International Crane Foundation

Headquartered in Baraboo, WI, the International Crane Foundation works worldwide to conserve cranes and the ecosystems, watersheds, and flyways on which they depend. Visitors can enjoy a guided tour of the world’s crane species, hike nature trails, and browse nature-themed items from around the world in the gift shop. The International Crane Foundation is open to the public every day between April 15 and October 31 from 9 am to 5 pm. Guided public tours are offered daily at 10 am, 1 pm, and 3 pm from Memorial Day through Labor Day.

Devil’s Lake State Park

Located in Baraboo, WI, and founded in 1911, Devil’s Lake State Park is the third oldest state park in Wisconsin, as well as the largest and the most visited. It offers magnificent views from 500-foot quartzite bluffs overlooking a 360-acre lake, along with lakeshore picnic areas, sandy swimming beaches, 29 miles of hiking trails, and intriguing natural history. Open year-round, Devil’s Lake is situated along the 1,000-mile Ice Age National Scenic Trail.

Flyways Waterfowl Museum

Located just outside the north-shore entrance to Devil’s Lake State Park, Flyways Waterfowl Museum is an educational facility established to promote better understanding of North American migratory waterfowl science, environmental history, and waterfowl art. Visitors can view more than 60 North American ducks, geese and swans; hear birds’ unique calls; and learn about migrations, habitat management, and more.

Mirror Lake State Park

Rock formation next to lake

Photo of Mirror Lake by Katie Tegtmeyer.

Located in Lake Delton, WI, Mirror Lake State Park is named for its centerpiece, a lake which is often so calm that not a ripple marks its surface. The lake reflects a wooded shoreline with cliffs up to 50 feet high, a swimming beach, and wetlands that are home to a variety of wildlife. The park’s 2,200 acres include several picnic areas, wooded campsites, summer rentals, and a cabin for people with disabilities.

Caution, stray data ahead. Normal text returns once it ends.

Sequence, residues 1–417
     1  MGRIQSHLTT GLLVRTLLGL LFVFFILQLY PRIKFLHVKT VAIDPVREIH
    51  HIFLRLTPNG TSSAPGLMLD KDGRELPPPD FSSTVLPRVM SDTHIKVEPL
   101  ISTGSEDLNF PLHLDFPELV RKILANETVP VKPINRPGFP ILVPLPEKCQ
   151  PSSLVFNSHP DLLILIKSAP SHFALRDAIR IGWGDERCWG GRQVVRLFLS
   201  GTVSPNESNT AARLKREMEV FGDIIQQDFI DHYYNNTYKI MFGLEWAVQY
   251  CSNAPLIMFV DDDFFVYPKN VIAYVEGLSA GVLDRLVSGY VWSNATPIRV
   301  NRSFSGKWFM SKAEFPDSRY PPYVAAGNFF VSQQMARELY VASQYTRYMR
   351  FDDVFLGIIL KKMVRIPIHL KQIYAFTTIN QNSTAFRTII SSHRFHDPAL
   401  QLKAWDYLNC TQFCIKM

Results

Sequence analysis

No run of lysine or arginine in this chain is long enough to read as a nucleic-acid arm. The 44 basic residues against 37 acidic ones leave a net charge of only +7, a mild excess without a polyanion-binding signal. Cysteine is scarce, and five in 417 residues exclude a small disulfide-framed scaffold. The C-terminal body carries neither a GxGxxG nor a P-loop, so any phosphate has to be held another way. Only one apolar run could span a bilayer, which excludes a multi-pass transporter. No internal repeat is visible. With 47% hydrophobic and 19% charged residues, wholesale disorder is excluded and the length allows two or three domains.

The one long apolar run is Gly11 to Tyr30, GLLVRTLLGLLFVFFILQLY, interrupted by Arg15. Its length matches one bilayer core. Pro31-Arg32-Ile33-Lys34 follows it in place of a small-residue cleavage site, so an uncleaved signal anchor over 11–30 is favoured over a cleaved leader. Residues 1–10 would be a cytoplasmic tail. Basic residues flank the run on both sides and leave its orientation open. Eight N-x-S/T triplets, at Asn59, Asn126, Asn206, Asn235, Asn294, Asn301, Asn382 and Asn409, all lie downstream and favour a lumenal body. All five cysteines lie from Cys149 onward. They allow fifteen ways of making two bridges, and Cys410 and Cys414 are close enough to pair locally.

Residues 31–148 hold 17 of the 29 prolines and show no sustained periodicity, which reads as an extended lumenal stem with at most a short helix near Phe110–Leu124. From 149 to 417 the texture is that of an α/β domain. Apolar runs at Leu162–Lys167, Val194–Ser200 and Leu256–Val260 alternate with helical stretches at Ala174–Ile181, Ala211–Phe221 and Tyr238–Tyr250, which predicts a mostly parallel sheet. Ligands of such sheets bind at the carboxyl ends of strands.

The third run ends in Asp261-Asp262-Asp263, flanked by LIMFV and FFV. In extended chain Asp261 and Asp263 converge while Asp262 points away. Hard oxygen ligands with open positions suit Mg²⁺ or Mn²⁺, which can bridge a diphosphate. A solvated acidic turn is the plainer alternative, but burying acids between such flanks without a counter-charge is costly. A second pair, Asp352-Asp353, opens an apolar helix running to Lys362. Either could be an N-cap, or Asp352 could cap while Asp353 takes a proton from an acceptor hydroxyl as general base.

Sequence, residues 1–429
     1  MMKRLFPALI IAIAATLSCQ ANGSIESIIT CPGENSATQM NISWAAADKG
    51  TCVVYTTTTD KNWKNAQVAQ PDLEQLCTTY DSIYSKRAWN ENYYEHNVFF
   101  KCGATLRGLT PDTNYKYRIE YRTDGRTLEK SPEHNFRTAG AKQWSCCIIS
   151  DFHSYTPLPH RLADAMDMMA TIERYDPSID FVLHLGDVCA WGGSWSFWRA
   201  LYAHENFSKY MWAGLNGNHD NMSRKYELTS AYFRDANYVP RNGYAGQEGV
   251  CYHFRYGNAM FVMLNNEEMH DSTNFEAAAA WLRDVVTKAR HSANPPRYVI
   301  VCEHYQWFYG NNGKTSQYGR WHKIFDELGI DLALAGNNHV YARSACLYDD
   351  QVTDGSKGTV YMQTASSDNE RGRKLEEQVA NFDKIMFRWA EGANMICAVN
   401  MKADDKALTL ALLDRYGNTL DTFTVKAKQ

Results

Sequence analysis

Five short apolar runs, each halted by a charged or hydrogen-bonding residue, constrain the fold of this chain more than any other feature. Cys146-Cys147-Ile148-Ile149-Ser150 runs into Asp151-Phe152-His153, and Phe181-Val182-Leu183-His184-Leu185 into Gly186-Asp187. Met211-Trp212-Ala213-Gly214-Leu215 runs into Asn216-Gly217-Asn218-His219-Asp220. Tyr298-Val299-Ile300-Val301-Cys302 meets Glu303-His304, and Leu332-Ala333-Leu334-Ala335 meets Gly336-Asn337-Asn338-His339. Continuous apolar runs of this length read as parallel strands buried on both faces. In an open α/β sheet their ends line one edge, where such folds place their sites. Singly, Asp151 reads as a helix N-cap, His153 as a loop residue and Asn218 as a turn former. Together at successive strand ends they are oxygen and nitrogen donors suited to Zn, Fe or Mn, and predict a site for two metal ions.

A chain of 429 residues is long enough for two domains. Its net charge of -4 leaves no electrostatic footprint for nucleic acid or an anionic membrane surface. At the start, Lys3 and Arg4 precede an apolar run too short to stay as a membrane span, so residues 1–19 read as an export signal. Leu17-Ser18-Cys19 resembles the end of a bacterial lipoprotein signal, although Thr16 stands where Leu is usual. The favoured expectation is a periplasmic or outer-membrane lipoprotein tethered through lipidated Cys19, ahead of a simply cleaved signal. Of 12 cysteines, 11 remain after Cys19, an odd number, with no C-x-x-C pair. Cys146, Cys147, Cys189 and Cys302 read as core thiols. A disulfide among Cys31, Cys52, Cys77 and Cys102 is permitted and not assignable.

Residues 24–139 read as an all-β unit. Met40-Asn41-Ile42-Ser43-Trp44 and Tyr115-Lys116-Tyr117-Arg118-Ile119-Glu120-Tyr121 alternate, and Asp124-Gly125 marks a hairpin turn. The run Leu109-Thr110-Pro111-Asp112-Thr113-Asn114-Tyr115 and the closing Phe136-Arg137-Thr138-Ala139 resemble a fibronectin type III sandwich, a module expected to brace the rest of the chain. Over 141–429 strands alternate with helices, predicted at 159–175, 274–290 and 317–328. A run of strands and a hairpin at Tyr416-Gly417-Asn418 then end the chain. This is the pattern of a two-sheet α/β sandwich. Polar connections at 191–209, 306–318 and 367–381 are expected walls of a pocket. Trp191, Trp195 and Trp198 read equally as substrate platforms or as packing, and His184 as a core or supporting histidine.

Wisconsin State Natural Areas

State Natural Areas (SNAs) protect outstanding examples of Wisconsin’s natural communities, significant geological formations, and archeological sites. Encompassing over 373,000 acres, the state’s 673 natural areas are valuable for research and educational use, help preserve biological diversity, and provide benchmarks for determining the impact of use on managed lands. They also offer some of the state’s last refuges for rare plants and animals. We are fortunate to have many great SNAs in the Baraboo area.

John Muir Park Segment, Ice Age Trail

Another prominent figure in the history of the environmental movement was John Muir, founder of the Sierra Club and often called the father of our national parks. Did you know his boyhood home is located about 30 minutes northeast of the Leopold Shack on County Highway F in Marquette County? In fact, Leopold once wrote a letter to the state suggesting that Muir’s home be protected as a State Natural Area. The John Muir Park Segment of the Ice Age Trail (a national scenic trail) runs through this property and by Muir’s boyhood home. Ennis Lake (known to Muir and his family as Fountain Lake) and the surrounding prairies, meadows, and woodlands of the John Muir Park Segment, helped inspire Muir’s appreciation and respect for nature.

Circus World

Learn about Baraboo’s circus history with a trip to Circus World. A thrill for all ages, Circus World is a family attraction featuring live circus performances, magic shows, movies, and historical exhibits.

Wisconsin Dells

Explore Wisconsin Dells, the “Waterpark Capital of the World.” In addition to its waterparks, many dining options, and live entertainment and attractions, the Wisconsin Dells offers a chance to see “the dells” themselves. One option is the Upper Dells Boat Tour, a Wisconsin River cruise that travels an awesome path cut by ancient glaciers. The tour passes under pine-crowned cliffs, navigates winding river narrows, and offers views of iconic sandstone formations like Chimney Rock, Blackhawk’s Profile and Romance Cliff.